"The Adventures of Lone Wolf Scientific" by M. Peshota
Welcome to "The Adventures of Lone Wolf Scientific"
Copyright 1991 M. Peshota
In a perfect world they would be mission commanders on
the space shuttle. But due to the ineptitude of Fate, the
rambunctious computer hardware engineer and the
gentlehearted programmer are working for a government
defense contractor instead. When they lose their jobs,
following a series of embarrassing exploits, they decide to
form a high-tech company together.
"The Adventures of Lone Wolf Scientific" is a chronicle
of a computer startup where innovation never comes without
chaos. In the coming months, you'll meet S-max, Lone Wolf
Scientific's Macchiavellian "Head of Hardware" who plots to
change the world with his antenna-festooned inventions; his
softspoken programmer sidekick, Andrew.BAS, who names all
his programs after successful Apollo flights; and a bevy of
hangers on, including computer magazine pundit Ordin
Babblebin who finds in Lone Wolf Scientific fodder for
endless puerile columns, and Congressman Boris Q. Popinrath,
a technology gunho politician who discovers in the startup
the only reason he can give consituents to re-elect him.
"The Adventures of Lone Wolf Scientific" is an
electronically syndicated series. New installments appear
every two weeks (except in summer, when they run every three
weeks). The series is a regular feature on dozens of
bulletin boards across the country. The central
distribution center for the series is the Exec-PC BBS in Elm
Grove, Wisconsin (414/789-4210). All installments can be
found there in the "Free to Unregistered Callers" file
collection. You don't have to be a registered user of the
system in order to download installments from the board.
Lone Wolf Scientific also appears in GEnie in the Telejoke
Roundtable BBS, Category 6, Topic 16.
Other multi-line systems where you can obtain up-to-
date Lone Wolf installments include the Sound of Music BBS
in Oceanside, New York (516/536-8723) and Exactus
Information Service in Santo Rosa, California (707/524-
2548). (If your BBS carries the series and you'd like its
name and number included in future releases of this file,
drop me a note.)
If you would like to carry "The Adventures of Lone Wolf
Scientific" regularly on your BBS/online service free of
charge, just drop a note to one of the mailboxes listed
below. Due to the popularity of the series, we are no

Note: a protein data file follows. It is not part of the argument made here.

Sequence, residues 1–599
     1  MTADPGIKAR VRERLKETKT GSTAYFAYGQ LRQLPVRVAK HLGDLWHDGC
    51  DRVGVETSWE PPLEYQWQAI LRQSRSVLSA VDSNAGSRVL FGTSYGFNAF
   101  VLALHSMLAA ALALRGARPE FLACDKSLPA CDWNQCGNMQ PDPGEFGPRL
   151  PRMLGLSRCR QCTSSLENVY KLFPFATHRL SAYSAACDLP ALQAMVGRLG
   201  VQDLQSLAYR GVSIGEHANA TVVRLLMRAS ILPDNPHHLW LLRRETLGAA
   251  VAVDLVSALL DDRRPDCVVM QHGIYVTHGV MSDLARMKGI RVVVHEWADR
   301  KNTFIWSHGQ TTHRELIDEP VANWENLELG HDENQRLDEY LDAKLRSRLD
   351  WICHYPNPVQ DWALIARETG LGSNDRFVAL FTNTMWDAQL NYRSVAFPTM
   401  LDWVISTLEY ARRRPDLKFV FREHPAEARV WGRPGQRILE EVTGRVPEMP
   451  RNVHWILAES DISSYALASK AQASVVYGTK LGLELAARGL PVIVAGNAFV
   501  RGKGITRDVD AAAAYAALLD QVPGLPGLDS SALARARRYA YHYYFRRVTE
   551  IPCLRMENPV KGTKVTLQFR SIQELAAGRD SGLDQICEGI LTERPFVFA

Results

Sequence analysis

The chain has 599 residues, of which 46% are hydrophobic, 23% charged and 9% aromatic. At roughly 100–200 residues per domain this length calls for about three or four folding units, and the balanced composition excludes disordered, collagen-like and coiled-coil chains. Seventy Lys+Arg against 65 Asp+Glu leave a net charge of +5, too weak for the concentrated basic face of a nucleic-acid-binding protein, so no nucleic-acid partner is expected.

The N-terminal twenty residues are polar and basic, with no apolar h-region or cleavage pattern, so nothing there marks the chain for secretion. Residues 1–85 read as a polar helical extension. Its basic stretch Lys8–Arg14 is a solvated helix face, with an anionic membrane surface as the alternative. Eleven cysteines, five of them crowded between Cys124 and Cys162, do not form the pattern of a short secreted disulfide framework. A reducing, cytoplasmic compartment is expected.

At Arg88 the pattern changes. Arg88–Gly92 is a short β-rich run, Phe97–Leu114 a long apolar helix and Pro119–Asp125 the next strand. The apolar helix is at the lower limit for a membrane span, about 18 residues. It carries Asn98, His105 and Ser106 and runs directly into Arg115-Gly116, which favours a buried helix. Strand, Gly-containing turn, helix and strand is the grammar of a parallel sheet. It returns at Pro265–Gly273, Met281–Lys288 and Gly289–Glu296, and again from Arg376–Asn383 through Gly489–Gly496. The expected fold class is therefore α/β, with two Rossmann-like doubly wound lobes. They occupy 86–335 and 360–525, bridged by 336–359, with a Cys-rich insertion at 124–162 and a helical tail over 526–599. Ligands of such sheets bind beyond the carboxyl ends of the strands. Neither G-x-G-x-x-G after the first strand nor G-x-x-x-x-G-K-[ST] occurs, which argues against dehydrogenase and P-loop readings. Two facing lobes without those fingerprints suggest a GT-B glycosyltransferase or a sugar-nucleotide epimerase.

longer able to upload it to each BBS individually, but there
are several ways you can receive it via e-mail, including
through the Boardwatch Magazine BBS (303/973-4222) where
it's distributed with USA Today and Byte's Newsbytes, and
via the Smartnet mail echo (contact Paul Waldinger at the
Sound of Music BBS).
At present, we are still working on satellite,
microwave, and ham radio transmission. ;->
You may upload episodes of "The Adventures of Lone Wolf
Scientific" to any bulletin board or online service that you
wish. You may also print them out and distribute them--in
hardcopy or electronically--to friends, colleagues, loved
ones, whomever you wish. You may not charge them anything
for your reproducing efforts, though, except maybe for an
occasional cup of coffee or a doughnut--you may demand a fee
of one of those.
The only responsibility that will be placed on your
weary shoulders is the request that whenever you
distribute episodes of "The Adventures of Lone Wolf
Scientific," you distribute them with this file,
WELCOME.LWS, and the accompanying file EPISOD.LWS which
lists all previous episodes and the order in which they
"The Adventures of Lone Wolf Scientific" is copyrighted
by the author, of course, but may be reproduced for free, in
whole or in part, in any not-for-profit publication,
including computer user's group newsletters. The author
requests only that a copy of the publication be mailed to
the street address listed below.
Additionally, if you publish a user's group newsletter,
you may obtain from M. Peshota, free of charge, a disk
containing whimsical "shorts" designed specifically to fill
small empty spaces in newsletters. Simply mail a blank
floppy disk to one of the addresses listed below, along with
the name of your user's group.
I hope that you enjoy "The Adventures of Lone Wolf
Scientific". Writing them has been one of the great joys of
my life. Hopefully, reading them will be one of the joys of
Exec-PC: MICHY PESHOTA
GEnie: M.PESHOTA, user i.d., XTY31866
"The Adventures of Lone Wolf Scientific"
"The Adventures of Lone Wolf Scientific" is
an electronically syndicated series that
follows the exploits of two madcap
men of high-technology. Copyright
1991 Michy Peshota. May not be
distributed without accompanying
WELCOME.LWS and EPISOD.LWS files.
The Computer Genius Goes to Work
>>The worst thing that can happen to a globe-trotting
computer genius is gainful employment. From a curb outside
an artificial intelligence company, computer genius S-max
contemplates the wreckage of his employment history. He
desperately hopes the rescue mission is properly wired for
By M. Peshota
The computer genius took a seat on the curb outside the
artificial intelligence company from which he had just been
ejected. The reason for his firing this time was that he
had refused to speak to anyone in the company. He felt that
this was unfair. He didn't speak to imbeciles. That was
just the way it was.
He unfastened the big plastic walkie-talkie that was
clipped to his belt and started fiddling with it. It was
his form of whittling. Whenever he had things to think
about, he took apart his walkie-talkie. If anyone had
passed by and spotted the bear-sized computer dweeb with the
ripped sneakers, Moammar Ghaddaffi pout and dark brooding
eyes, perched on a curb, disembowling a walkie-talkie, they
would have run for the police. The Chia Pet-like helmet
that was his hair and that was the shape and color of
violent explosions on TV from which there are seldom